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'Fiscal cliff' road trip: Obama talks Scrooge as GOP stews

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Back in Washington, though, congressional Republicans were in no mood to laugh, as the prospects for a deal with the White House looked bleak. At a press conference, Republican House Speaker John Boehner said the negotiations were at a “stalemate.”

Representative Boehner added that for the past three weeks, he had been “very guarded” in his comments, because he didn’t want to make it harder to find common ground.

“When I came out the day after the election and made it clear that Republicans will put revenue on the table, I took a great risk,” Boehner said.

But when the White House put out a plan Thursday calling for $1.6 trillion in new taxes over 10 years – double what Boehner was willing to consider in July 2011 – in addition to less than $400 billion in cuts, Boehner called it “not a serious proposal.”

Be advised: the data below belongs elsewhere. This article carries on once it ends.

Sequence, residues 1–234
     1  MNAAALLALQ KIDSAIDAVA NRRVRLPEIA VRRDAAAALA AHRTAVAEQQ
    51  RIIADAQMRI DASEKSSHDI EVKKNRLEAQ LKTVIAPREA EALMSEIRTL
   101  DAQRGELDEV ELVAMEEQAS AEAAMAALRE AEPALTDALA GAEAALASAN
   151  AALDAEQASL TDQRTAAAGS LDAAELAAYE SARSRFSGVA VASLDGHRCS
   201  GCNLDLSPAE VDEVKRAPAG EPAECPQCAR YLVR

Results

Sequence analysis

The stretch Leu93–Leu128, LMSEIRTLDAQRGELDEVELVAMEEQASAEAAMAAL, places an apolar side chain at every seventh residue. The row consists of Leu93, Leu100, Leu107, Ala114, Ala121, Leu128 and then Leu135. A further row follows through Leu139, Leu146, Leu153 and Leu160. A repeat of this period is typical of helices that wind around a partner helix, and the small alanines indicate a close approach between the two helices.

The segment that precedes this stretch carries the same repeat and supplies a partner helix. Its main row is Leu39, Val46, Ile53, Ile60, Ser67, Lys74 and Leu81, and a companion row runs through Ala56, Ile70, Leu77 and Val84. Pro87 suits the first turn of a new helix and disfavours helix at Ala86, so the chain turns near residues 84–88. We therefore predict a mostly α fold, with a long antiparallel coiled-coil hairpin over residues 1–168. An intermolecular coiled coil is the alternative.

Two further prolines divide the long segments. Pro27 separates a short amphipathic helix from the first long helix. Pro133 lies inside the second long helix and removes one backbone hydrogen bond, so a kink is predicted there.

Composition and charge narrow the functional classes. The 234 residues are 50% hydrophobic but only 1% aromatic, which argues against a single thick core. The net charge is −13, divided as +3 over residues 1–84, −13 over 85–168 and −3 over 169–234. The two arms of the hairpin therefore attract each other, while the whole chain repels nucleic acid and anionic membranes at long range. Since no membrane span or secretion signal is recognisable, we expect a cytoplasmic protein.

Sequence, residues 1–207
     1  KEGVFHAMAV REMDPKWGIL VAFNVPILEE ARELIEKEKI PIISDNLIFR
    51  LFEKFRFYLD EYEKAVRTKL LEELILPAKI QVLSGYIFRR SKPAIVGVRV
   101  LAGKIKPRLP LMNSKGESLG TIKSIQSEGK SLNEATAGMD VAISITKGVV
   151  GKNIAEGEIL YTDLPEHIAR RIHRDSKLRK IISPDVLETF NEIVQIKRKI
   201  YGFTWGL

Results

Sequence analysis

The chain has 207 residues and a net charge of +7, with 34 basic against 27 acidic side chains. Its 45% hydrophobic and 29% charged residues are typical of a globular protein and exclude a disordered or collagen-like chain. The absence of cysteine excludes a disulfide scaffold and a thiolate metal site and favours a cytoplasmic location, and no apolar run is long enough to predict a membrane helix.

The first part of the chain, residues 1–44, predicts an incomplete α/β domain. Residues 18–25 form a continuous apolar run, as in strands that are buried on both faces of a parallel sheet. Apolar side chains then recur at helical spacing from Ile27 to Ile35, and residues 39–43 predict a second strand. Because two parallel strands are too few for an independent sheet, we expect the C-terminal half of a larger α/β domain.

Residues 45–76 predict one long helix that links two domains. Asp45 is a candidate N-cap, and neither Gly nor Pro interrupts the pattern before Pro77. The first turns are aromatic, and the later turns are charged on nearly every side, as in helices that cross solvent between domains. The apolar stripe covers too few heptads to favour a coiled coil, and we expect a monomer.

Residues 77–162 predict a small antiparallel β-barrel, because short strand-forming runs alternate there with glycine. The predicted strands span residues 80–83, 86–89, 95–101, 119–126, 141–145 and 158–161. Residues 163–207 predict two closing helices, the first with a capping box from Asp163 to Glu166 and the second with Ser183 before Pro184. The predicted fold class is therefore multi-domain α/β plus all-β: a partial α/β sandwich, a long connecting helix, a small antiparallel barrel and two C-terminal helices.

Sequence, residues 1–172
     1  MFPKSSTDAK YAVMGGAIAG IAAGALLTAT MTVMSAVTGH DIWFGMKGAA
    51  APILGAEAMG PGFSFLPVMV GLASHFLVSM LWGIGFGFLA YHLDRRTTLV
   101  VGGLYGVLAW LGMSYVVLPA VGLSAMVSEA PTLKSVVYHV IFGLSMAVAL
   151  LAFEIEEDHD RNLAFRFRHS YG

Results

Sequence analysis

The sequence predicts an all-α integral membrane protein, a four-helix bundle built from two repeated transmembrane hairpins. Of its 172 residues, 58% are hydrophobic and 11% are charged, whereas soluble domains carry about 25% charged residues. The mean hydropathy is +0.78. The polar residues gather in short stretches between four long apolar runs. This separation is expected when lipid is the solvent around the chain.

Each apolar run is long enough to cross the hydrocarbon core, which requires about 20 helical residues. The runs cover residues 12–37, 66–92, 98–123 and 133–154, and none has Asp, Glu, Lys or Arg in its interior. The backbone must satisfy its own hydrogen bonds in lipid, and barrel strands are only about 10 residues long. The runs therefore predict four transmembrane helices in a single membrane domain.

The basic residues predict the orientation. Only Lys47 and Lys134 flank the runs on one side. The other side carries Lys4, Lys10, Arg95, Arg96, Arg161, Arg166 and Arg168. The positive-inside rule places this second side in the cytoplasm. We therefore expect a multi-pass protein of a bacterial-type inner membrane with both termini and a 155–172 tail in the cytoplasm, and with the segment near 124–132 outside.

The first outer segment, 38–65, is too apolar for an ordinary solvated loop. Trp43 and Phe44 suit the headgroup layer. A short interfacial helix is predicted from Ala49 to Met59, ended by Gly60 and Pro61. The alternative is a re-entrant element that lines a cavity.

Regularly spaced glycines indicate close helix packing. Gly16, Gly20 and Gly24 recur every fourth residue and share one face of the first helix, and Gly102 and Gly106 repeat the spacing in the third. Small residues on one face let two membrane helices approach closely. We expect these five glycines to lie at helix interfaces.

“So right now we're almost nowhere,” the speaker said.

Separately, the House majority leader, Rep. Eric Cantor (R) of Virginia, made clear that the Republicans have leverage, since they still control the House.

“The speaker put new revenues on the table just after the election and said: ‘We get it. The president won his reelection; we won our reelection. We have to now come together,’ ” Representative Cantor said.

Obama has been saying all along he’s willing to compromise on fiscal matters, but his opening bid didn’t reflect that. And that, analysts say, is a demonstration of how Obama has evolved as president. Early in his presidency, he had a tendency to start a major negotiation with what he considered a compromise position – for example, putting Republican-pleasing tax cuts in the stimulus package of early 2009 and not pushing for a “public option” in health-care reform.

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